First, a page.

A healthy lawn--one that is free from insects, weeds, dead spots and bare patches--requires ongoing care and maintenance, but the rewards are worth the effort. Lush, green grass is not only inviting, it is strong and resistant to drought, damage and disease. To keep your grass looking good without breaking the bank, consider using home remedies for common lawn problems.
Lawn fungi cause areas of dead or sparse grass. To control lawn fungi, water early in the morning and do not over-fertilize your lawn. If you have low spots that tend to collect water, fill them in with topsoil and seed with a disease-resistant grass strain.
Dog Urine Spots
Contrary to popular belief, dog urine spots are not the result of the alkalinity or acidity of your dog's urine. The spots are caused by high concentrations of nitrogen and salt contained in the urine. Some common---but ineffective--home remedies for dog urine spots include sprinkling baking soda on the spots or adding acidifiers to your dog's urine. To control urine spots on your lawn, thoroughly wet the area with a garden hose or sprinkling after it urinates. If possible, train your dog to urinate in a specific area, preferably one that is graveled or mulched. Be sure your dog drinks enough water---concentrated urine contains more damaging salts.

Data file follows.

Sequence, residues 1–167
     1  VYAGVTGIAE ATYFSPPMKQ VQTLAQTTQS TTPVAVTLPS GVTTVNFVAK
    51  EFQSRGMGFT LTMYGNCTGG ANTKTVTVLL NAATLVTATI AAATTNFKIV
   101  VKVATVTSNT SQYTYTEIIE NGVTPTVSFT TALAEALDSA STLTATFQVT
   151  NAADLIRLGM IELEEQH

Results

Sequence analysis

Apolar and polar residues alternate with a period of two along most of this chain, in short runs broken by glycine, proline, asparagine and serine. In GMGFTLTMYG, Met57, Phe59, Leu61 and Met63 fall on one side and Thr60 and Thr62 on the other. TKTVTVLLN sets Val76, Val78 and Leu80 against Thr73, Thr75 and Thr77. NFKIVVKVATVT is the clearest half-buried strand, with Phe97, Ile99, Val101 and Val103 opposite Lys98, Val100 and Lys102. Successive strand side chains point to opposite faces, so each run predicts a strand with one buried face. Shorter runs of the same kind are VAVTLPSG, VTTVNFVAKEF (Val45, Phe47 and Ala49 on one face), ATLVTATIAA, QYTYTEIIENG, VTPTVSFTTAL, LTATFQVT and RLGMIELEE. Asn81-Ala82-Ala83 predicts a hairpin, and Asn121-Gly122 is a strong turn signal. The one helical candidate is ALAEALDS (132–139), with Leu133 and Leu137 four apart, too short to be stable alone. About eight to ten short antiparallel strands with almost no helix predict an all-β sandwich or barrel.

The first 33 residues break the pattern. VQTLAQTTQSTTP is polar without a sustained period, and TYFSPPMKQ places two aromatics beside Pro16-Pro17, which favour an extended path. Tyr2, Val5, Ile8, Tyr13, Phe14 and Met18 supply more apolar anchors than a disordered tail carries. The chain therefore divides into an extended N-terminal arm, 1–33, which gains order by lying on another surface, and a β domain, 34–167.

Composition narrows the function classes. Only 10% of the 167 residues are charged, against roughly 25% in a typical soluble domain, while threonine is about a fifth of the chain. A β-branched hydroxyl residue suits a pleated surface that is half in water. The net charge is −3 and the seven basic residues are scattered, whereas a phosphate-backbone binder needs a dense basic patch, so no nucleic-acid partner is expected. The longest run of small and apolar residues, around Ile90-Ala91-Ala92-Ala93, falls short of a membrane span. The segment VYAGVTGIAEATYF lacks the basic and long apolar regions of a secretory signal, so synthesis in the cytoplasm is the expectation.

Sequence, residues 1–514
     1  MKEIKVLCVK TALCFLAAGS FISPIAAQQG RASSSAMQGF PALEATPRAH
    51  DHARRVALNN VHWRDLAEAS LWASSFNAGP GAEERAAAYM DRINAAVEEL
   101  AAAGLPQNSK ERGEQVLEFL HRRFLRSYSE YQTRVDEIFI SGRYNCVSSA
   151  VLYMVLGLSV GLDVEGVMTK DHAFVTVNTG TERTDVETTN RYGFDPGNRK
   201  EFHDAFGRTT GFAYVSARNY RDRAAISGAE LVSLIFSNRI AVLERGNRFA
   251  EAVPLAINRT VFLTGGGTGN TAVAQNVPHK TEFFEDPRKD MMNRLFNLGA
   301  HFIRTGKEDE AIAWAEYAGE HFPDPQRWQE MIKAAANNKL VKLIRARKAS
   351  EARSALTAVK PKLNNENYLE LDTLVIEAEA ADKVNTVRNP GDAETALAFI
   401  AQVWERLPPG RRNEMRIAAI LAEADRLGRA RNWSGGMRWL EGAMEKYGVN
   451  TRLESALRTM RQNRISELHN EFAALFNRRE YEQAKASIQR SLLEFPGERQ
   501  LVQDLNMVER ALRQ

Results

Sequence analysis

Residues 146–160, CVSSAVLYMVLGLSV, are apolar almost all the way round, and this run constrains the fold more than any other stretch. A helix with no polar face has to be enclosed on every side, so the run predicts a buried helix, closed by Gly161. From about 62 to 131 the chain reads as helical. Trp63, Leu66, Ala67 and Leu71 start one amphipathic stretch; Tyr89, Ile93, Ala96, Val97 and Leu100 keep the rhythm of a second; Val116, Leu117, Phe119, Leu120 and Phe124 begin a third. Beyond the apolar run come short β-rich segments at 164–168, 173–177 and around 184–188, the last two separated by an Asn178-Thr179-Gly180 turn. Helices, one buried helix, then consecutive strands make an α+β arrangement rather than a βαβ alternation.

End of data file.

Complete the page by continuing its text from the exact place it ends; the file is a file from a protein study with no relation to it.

Mole tunnels are not just an aesthetic problem. Their collapsible tunnels can cause a painful ankle injury if one gives way under you. Fortunately, moles are territorial, so although your lawn may look like you've been invaded by an army of rodents, you probably have less than three per acre. To rid your lawn of moles, control grub populations, a favorite mole food. Stamp down active tunnels whenever they appear. According to Ohio State University, "over-watering your lawn can bring soil invertebrates and moles closer to the ground surface, making tunnels more visible." They suggest watering less and converting lawn areas into gardens, pathways and natural habitats.
Insects and Weeds
Cornell Extension suggests a simple solution for lawn weeds and insects: adopt a peaceful attitude. Most pests are not life threatening, and a simple program of non-toxic maintenance will, in most cases, be adequate. They suggest spot treating and hand-pulling weeds, fertilizing regularly and using selective, low-toxicity pesticides.